Natural materials can be roughly divided into two categories: cushioning materials and supportive ones. You’ll usually find cotton, silk or wool – the cushioning ones – in the top layer of your mattress because they’re soft and springy. Hemp, horsehair and coir are usually further down. They’re a bit coarser but denser, even stronger and still springy, so create a durable, supportive core for the mattress.
The cons – there really aren’t many. Natural materials tend to be a little more expensive, and of course some come from animals, so aren’t suitable if you’re vegan.
Synthetic materials – polyester and polyurethane
The pros – these materials are entirely manmade, so are great for those looking to avoid materials that come from animals. You’ll also find them in more affordable mattresses (again, perfect for guest bedrooms). And they can be as strong and durable as natural materials.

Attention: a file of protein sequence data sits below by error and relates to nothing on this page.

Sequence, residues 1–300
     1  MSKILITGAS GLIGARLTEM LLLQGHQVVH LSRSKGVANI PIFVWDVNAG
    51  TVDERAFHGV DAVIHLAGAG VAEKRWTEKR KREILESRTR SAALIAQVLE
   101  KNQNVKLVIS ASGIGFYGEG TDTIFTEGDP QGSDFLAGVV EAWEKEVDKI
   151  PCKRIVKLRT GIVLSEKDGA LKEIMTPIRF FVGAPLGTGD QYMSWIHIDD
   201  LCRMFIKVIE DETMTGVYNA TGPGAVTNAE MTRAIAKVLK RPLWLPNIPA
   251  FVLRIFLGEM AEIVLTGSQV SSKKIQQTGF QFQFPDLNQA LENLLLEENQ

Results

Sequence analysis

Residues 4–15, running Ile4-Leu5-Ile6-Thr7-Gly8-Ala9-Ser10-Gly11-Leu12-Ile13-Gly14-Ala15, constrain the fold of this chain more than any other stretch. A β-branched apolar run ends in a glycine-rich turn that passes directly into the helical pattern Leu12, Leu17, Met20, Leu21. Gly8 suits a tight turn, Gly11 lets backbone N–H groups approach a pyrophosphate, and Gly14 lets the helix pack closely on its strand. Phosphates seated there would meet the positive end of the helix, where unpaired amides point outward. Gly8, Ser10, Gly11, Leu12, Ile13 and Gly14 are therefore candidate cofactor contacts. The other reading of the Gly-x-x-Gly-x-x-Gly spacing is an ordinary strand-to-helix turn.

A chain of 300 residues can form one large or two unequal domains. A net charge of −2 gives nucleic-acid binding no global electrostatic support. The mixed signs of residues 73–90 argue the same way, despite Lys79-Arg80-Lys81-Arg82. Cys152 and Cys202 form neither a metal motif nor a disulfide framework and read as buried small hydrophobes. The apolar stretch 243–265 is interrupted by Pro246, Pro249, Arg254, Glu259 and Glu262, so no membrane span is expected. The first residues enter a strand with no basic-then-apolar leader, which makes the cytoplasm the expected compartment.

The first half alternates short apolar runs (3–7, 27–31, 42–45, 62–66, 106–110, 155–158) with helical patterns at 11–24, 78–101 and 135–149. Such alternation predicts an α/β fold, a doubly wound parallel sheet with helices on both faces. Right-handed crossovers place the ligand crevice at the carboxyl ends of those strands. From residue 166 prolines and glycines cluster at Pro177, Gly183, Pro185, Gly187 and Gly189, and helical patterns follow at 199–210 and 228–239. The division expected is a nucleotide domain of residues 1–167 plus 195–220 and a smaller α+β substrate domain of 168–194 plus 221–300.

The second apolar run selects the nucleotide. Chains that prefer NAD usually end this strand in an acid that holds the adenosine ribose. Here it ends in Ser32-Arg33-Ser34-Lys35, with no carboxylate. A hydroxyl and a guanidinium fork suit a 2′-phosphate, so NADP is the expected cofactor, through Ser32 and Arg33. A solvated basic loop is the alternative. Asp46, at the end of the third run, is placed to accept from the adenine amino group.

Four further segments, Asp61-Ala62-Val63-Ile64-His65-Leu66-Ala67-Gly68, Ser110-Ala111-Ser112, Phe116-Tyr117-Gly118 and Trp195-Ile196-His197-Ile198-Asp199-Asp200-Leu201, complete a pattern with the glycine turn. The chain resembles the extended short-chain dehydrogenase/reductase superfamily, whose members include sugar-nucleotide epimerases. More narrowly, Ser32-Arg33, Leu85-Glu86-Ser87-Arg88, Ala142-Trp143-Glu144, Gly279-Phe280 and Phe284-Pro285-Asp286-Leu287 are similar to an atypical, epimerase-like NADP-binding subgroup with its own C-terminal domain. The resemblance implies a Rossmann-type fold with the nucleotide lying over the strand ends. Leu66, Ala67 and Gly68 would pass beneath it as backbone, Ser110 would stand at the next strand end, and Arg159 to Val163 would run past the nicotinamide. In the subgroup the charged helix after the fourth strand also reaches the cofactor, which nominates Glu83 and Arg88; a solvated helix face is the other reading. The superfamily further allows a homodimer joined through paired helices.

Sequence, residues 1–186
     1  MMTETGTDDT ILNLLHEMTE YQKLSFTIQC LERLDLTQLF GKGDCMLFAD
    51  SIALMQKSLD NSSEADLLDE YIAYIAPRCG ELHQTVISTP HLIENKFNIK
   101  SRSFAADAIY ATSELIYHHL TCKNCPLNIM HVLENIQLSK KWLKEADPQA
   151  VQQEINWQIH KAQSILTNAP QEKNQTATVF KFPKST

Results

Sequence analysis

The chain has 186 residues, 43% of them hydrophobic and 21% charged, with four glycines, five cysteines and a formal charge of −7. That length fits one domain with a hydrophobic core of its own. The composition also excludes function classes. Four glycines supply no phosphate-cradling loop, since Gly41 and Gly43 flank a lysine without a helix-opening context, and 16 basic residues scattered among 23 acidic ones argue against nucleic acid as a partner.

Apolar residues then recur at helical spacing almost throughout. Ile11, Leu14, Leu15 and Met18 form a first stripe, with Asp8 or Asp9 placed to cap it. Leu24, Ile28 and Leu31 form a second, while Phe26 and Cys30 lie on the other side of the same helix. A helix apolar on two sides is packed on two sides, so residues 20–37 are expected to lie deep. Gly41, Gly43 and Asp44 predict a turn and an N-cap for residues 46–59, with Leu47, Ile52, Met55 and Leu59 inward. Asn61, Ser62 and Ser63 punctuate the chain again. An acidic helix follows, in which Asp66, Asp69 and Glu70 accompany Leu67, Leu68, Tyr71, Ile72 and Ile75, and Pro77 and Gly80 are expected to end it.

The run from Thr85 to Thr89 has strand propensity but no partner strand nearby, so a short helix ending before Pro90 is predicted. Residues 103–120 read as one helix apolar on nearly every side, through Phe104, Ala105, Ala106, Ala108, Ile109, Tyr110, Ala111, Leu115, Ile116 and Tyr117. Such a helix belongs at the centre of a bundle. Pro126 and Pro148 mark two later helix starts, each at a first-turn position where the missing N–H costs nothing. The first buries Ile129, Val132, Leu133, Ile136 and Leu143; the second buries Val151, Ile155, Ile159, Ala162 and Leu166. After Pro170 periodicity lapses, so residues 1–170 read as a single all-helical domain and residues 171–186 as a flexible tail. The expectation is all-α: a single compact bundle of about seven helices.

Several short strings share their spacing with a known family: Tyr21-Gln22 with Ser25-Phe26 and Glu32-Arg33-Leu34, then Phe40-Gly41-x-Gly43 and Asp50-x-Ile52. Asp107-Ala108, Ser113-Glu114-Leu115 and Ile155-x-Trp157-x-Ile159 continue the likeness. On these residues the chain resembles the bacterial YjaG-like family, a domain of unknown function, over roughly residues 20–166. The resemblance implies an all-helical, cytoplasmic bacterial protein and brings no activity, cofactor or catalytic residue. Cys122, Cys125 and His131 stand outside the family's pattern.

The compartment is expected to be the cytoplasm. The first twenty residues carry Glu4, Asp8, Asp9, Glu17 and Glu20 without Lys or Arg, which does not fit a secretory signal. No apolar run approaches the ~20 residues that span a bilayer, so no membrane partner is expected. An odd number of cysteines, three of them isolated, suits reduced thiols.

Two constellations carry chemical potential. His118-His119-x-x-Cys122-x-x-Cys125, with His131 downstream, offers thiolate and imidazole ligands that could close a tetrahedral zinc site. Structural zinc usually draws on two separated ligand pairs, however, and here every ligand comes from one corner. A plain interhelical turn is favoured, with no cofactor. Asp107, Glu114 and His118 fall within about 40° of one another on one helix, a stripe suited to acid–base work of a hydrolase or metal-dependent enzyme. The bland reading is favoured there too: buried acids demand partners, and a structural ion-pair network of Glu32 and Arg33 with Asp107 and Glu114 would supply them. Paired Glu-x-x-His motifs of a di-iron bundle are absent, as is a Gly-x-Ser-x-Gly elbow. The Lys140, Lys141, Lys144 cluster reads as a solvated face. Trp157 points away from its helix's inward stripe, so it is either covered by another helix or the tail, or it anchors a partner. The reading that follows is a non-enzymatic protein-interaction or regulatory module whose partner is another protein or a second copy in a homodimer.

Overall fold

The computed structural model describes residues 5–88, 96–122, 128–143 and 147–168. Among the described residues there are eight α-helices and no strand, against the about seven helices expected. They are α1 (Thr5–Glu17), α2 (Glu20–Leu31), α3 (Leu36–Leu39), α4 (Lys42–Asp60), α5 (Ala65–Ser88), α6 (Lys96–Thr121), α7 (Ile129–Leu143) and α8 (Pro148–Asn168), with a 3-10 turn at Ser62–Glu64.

The cons – breathability is the big downside to synthetic materials. Air can’t pass through in the same way and you’ll likely feel too hot, even on a cold night. They also tend to hold on to smells more than natural materials. And, of course, there are a lot of chemical involved in making them.
A note on mattress toppers
If you’ve got a mattress that’s just-right for you, then you shouldn’t need a mattress topper. They really come into their own when your mattress is less than perfect, adding extra softness or support. That said, even with a brilliant mattress, some people just like the extra duvet-like cushioning of a feather and down topper, or the cosiness of a bit more wool.
Firm, medium, medium-firm…
The firmness of a mattress is – in the case of sprung mattresses anyway – decided by the tension of the springs. You won’t find any more springs in a firm mattress than you would in the equivalent medium or soft one, they’re just more tightly wound which means they’re harder to compress.